Danish ferry operator Smyril Line has contracted with the CIMC Raffles shipyard in China to build two new identical ro-ro ships, measuring 190m in length and having 3,300 lane metres for trailers.
The new ships will join Smyril Line’s current network, and are planned to start operation in 2026. The ships are designed for optimal year-round seaworthiness in the North Atlantic. They are being designed in close cooperation with naval architects Knud E Hansen to ensure that the ships are built for the route between Europe, the Faroe Islands, and Iceland. The ships will be environmentally friendly, meeting all international emission standards and will have significantly lower emissions per transported ton compared with the existing fleet. The new ships will be equipped with a battery system with the possibility for shore power, and will be prepared to sail on e-methanol, which the operator considers to be the best future choice for green energy.
Jens Meinhard Rasmussen, CEO Smyril Line said: “Now is the time to set ourselves new and bigger goals towards reducing emissions in the North Atlantic. The company’s main goal is to ensure safe and reliable transportation of both passengers and cargo, and to connect the periphery of the North Atlantic with the rest of the world. With the new ships, we emphasise future proofing and leading the company towards a greener energy solution and lead the way for Smyril Line towards the goals for decarbonisation in our fleet renewal, supporting the green transition of the shipping industry. We will also transport much larger quantities of cargo with less energy consumption than we do now. The energy saving will be at least 60%. This is an important step for us to achieve our goals towards net-zero emissions by 2050, while we can offer our customers an even better service. We have been operating routes in the North Atlantic since 1982. This is not just one of the world’s longest ro-ro and ro-pax routes, but probably also the one with the most challenging sailing conditions. We know from experience that sailing on our route places great demands on both ship and crew, and we have therefore designed the ships with this in mind.”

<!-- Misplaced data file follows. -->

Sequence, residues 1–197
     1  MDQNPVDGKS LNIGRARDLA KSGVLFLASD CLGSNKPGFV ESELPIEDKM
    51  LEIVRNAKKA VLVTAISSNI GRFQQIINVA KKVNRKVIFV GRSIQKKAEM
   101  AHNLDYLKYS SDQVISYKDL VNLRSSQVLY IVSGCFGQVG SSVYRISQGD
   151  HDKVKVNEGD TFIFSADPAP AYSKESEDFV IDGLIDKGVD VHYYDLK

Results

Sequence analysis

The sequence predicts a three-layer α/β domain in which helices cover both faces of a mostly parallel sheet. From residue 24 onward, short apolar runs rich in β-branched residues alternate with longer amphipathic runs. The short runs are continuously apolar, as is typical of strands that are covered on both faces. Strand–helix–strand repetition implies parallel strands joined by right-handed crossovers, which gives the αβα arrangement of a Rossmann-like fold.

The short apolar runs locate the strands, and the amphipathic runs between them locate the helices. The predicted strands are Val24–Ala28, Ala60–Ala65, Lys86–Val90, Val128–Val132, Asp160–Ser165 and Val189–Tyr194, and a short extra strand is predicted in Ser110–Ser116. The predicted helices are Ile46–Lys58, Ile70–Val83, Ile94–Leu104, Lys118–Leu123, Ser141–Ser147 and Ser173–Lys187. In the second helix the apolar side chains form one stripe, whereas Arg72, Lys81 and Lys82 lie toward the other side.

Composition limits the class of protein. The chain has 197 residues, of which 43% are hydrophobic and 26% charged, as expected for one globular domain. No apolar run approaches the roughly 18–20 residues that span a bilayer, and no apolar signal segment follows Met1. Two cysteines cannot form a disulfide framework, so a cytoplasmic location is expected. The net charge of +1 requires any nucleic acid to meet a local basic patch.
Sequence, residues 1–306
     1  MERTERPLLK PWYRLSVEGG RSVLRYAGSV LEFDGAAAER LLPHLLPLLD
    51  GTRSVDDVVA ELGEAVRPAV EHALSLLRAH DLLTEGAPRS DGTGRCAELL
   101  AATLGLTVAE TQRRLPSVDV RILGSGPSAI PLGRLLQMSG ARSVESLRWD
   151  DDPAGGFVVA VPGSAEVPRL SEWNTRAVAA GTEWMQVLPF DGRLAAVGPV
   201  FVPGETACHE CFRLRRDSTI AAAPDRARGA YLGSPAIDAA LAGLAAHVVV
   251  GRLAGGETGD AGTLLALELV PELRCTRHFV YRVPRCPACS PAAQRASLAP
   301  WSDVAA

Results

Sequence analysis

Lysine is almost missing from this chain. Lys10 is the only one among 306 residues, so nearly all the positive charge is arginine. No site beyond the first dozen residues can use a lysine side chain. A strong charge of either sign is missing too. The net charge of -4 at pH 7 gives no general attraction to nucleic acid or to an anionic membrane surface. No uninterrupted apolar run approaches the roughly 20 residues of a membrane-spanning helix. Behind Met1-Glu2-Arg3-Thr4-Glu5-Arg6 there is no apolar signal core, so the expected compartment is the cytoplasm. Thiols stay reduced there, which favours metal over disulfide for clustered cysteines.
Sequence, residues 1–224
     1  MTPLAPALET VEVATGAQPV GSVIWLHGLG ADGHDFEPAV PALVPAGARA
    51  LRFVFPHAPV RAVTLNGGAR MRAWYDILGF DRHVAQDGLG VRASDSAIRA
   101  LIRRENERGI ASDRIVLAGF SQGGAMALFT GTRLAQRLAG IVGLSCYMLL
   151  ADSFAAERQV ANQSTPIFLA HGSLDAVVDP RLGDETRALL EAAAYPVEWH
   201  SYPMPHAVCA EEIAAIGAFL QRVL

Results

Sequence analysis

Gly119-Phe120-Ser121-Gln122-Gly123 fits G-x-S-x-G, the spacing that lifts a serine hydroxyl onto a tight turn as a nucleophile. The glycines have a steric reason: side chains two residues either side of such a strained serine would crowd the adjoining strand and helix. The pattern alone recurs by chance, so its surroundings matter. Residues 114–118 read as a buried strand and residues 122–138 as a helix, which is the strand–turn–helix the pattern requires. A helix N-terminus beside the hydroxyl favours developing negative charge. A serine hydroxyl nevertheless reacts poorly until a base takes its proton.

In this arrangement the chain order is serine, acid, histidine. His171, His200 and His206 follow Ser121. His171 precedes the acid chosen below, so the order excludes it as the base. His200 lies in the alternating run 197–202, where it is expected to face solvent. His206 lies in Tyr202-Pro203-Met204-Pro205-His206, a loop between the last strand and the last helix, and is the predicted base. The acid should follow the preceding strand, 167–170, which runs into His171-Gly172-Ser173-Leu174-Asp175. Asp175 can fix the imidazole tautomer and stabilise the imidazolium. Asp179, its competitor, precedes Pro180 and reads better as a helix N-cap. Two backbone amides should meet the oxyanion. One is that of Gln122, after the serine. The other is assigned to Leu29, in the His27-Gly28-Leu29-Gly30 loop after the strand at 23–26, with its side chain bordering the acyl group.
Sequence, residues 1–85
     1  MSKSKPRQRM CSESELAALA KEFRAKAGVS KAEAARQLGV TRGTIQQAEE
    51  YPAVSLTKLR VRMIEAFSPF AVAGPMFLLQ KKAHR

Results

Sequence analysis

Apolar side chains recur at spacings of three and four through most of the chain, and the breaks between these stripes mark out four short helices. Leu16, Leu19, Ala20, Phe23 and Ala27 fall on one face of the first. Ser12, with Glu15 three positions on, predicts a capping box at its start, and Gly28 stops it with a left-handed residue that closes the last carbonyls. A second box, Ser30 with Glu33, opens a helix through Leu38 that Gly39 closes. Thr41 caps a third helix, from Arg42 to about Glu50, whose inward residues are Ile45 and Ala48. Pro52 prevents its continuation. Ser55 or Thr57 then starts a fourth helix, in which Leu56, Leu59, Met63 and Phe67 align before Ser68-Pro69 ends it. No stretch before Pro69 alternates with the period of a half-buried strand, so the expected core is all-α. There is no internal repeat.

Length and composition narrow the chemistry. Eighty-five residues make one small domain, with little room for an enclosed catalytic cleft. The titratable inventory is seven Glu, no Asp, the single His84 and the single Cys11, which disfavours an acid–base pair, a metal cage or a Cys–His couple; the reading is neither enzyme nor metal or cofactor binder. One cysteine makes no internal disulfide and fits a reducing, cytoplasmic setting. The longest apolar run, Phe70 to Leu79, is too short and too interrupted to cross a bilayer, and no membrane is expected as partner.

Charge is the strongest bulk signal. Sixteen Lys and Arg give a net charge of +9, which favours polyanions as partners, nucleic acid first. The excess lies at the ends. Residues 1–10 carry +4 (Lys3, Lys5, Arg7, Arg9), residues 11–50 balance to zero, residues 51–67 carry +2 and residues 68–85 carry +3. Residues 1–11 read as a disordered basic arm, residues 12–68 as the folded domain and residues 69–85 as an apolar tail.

Image: Smyril Line ro-ro (source: Knud E Hansen)